On Monday, Chicago will make history when Lori Lightfoot becomes the city’s first black female mayor. This victory sits alongside other firsts: her recent runoff against Toni Preckwinkle, a black woman and the president of the Cook County Board of Commissioners, and the 2016 election of Kim Foxx, a black woman, as the city’s top prosecutor.
Last year, when Rahm Emanuel announced he wouldn’t seek a third term as mayor, no one thought Ms. Lightfoot would win. In Chicago, activists have long understood that they may not get what they want in a mayor: It seemed to be an intractable problem, one among many others — like police violence, school closings, unfair wages.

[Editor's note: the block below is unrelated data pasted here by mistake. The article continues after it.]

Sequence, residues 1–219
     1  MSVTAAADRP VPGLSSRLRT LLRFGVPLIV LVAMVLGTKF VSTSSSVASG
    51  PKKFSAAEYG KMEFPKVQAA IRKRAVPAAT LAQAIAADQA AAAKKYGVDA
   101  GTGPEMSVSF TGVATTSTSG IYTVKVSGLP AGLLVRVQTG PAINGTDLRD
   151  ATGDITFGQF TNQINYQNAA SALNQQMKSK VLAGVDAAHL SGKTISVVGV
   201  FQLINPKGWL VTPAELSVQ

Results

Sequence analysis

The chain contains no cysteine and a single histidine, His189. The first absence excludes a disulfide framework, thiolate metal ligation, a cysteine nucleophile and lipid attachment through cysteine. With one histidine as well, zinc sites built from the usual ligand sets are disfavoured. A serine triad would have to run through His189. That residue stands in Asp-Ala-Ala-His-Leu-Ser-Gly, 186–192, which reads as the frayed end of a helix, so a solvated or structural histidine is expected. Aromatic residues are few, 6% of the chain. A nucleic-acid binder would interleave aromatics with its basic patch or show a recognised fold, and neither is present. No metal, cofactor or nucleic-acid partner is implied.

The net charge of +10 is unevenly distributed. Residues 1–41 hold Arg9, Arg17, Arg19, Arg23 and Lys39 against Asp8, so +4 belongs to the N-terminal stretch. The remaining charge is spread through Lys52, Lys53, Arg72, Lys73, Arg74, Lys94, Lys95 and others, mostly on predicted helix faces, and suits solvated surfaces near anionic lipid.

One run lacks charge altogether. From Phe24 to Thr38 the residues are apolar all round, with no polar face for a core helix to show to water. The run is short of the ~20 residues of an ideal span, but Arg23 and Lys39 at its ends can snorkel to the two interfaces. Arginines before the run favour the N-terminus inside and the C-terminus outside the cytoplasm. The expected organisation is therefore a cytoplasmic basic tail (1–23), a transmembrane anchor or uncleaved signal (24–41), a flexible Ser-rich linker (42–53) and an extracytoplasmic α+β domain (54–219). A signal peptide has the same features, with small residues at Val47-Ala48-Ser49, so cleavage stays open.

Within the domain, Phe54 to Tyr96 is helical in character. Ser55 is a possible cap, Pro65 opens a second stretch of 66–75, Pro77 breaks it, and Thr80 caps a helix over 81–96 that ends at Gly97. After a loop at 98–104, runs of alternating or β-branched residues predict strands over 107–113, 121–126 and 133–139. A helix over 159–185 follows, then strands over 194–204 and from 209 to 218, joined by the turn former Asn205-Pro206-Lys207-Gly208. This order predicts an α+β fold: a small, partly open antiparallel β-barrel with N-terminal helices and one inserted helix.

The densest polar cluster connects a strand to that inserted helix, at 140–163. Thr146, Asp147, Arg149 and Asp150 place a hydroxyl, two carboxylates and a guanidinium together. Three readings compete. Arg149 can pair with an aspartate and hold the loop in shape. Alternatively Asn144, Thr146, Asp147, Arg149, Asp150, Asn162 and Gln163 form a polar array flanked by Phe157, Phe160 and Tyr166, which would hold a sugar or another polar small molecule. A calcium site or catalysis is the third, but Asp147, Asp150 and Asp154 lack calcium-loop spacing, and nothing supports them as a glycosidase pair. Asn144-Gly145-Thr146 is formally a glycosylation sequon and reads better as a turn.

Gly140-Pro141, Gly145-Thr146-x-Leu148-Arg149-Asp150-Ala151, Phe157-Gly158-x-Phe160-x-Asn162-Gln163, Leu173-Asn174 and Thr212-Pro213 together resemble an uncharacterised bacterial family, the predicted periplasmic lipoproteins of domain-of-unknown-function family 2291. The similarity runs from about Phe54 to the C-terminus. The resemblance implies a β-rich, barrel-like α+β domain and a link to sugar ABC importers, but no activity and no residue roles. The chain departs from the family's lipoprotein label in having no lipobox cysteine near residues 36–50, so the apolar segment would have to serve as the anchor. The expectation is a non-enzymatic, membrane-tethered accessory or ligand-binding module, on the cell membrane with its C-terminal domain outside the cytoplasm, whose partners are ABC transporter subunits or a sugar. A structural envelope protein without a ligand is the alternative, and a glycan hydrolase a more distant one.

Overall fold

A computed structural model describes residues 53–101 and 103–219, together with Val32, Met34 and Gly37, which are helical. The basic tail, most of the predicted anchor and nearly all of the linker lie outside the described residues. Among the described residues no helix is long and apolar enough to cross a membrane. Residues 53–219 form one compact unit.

But problems that once seemed intractable are changing. Ms. Lightfoot’s victory is part of a broader trend of black women emerging as the most influential political voices in the city. Black feminists, in particular, are securing progressive victories in a place where that long seemed impossible.